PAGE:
30 Responses to “Bohol: Baclayon Church”

  1. This was one of the places I missed when I went touring Bohol. I thought we were going, then we overlooked it.

    I did get to see chocolate hills, that falls where you can hold Tarsier monkey on the way in. Those were really fun.

    My father’s family is from Ubay and my sister married a huge family in Tagbilaran.

  2. Kyels

    Kuya, I wanna do a project related to churches next time when I am already earning my own cash. I have always been fascinated with these beautiful architectures that allow us to keep our faith going on in our daily lives.

    [:

  3. Oh, I’ve been there. I love this church. You know that port in front of the church? That was where Cesar Montano proposed to his wife with the Baclayon Children’s Choir singing… hehe… chismis! 🙂 This church also has one of the best preserved and oldest Filipino-Hispanic scores of religious music.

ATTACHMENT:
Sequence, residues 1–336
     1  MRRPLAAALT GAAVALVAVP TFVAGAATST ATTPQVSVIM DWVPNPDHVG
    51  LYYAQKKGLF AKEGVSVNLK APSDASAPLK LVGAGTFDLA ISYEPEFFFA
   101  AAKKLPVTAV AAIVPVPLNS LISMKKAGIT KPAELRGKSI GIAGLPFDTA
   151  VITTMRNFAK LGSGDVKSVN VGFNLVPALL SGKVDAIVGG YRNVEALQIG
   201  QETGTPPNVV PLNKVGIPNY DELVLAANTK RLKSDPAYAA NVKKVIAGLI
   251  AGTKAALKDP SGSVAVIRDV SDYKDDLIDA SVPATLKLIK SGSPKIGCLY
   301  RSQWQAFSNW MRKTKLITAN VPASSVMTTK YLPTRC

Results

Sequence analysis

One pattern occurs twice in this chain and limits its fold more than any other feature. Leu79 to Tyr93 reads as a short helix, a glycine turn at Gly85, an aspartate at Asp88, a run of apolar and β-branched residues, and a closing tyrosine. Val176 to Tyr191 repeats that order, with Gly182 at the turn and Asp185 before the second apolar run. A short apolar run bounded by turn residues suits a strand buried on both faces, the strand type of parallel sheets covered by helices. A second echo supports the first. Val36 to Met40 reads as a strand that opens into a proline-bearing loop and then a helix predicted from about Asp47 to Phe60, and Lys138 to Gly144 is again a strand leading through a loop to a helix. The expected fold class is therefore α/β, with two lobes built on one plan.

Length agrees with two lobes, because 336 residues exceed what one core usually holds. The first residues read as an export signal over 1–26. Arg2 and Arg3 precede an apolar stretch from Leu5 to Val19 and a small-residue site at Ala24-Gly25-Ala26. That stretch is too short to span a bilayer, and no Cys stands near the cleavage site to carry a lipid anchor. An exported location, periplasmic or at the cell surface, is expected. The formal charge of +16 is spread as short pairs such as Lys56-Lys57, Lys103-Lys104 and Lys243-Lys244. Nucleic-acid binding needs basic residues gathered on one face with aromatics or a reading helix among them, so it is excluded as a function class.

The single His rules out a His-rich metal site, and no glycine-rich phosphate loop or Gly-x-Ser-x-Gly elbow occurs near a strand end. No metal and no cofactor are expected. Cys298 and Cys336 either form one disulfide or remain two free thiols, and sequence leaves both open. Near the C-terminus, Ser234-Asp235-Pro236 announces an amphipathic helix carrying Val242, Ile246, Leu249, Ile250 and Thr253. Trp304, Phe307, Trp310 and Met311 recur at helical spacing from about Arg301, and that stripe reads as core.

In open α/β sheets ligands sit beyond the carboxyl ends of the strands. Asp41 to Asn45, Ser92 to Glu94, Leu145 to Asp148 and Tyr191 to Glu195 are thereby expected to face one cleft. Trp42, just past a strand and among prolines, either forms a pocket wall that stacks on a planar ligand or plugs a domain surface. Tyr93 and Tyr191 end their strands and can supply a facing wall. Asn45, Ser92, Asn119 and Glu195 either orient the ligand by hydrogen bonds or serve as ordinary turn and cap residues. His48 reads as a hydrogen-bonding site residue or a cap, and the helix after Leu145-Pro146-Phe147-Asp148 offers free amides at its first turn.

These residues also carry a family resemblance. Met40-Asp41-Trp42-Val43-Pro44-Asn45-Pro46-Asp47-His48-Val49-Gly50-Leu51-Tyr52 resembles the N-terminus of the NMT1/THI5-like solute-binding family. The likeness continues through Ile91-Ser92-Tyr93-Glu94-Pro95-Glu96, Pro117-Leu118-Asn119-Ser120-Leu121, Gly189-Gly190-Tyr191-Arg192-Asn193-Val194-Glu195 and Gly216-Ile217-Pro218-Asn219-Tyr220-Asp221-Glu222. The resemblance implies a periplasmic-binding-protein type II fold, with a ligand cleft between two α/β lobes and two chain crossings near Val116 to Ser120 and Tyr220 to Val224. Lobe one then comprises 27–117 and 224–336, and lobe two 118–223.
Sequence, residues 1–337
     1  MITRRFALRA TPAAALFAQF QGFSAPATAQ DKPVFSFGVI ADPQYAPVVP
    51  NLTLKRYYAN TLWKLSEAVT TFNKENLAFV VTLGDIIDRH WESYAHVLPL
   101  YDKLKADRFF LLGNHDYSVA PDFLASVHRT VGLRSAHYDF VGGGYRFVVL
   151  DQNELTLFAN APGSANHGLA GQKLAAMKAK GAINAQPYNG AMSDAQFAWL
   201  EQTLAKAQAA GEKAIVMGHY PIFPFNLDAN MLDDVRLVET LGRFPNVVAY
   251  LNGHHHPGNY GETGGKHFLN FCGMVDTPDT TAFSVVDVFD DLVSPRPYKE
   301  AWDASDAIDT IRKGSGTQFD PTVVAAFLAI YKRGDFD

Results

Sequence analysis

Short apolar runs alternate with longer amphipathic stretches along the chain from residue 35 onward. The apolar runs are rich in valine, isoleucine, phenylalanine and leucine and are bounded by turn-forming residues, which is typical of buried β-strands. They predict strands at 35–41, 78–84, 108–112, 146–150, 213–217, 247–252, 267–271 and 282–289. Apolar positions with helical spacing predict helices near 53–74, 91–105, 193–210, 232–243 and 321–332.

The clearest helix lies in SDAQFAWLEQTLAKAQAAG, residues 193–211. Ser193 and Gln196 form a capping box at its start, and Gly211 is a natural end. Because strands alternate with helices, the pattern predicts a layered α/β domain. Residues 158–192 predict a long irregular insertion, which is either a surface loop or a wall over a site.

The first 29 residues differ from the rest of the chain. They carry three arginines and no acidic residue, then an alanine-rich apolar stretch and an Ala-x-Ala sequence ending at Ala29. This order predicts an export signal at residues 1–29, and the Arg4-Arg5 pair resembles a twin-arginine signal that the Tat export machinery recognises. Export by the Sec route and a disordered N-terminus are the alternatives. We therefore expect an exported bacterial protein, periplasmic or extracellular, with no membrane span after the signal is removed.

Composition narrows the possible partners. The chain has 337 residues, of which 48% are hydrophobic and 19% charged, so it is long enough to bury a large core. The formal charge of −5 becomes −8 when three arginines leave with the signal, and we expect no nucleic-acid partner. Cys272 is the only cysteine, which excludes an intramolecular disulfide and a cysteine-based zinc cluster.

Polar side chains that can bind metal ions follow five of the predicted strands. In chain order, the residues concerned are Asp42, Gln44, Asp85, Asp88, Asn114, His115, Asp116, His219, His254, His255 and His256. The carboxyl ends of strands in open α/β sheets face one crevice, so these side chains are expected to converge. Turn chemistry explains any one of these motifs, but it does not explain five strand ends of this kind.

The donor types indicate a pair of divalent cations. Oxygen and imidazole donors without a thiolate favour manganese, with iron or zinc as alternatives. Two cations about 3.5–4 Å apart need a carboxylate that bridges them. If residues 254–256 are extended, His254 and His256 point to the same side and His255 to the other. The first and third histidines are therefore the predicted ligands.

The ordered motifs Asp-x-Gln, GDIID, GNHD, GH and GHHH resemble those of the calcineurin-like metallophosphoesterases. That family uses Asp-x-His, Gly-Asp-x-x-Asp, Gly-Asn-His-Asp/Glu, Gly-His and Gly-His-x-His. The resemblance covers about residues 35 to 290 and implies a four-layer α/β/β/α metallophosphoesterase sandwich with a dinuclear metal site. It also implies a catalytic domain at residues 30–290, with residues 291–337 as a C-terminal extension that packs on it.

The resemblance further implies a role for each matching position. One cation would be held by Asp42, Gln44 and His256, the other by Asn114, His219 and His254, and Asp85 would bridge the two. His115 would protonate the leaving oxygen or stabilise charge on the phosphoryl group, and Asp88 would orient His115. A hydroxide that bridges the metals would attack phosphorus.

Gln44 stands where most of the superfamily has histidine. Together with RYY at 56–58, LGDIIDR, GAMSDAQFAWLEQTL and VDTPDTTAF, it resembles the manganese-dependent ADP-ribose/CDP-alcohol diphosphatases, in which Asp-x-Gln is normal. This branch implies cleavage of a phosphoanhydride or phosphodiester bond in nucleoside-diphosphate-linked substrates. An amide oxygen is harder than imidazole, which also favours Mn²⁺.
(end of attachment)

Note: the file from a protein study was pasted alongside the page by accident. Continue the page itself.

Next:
4. i like the ceiling and the intricate design of the church… 🙂

    and of course i really like the last picture.. so nice..

    thanks for the additional info about this church. it sure is old from the outside.

  5. 200 slaves, corals, and millions of egg whites to construct this church? Ok, I can accept the fact that they used egg whites, but I don’t know about the 200 slaves and corals. I’m a little disappointed with the Spaniards. 😉

  6. love the captures as always. in my haste in going to more churches, di ko inabutan nang sunset itong baclayon. maybe another incentive to go back 🙂 btw, have you gone to the other churches? i find loboc even more charming. anyway, have a safe trip this long weekend bro! abangan ko mindanao posts mo.

  7. baclayon as one of the oldest but not the oldest…

    note legazpi also had the blood compact there (but not the first one in the soon to be known philippines)

    did you know those walls were made of egg whites and lime to hold them together?

    wish to go back to bohol one of these days 🙂